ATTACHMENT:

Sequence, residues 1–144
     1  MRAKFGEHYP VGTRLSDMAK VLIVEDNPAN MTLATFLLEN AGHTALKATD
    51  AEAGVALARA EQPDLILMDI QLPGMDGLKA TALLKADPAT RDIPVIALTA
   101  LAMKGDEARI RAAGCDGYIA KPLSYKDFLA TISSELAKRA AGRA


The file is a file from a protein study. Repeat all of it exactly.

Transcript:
Sequence, residues 1–144
     1  MRAKFGEHYP VGTRLSDMAK VLIVEDNPAN MTLATFLLEN AGHTALKATD
    51  AEAGVALARA EQPDLILMDI QLPGMDGLKA TALLKADPAT RDIPVIALTA
   101  LAMKGDEARI RAAGCDGYIA KPLSYKDFLA TISSELAKRA AGRA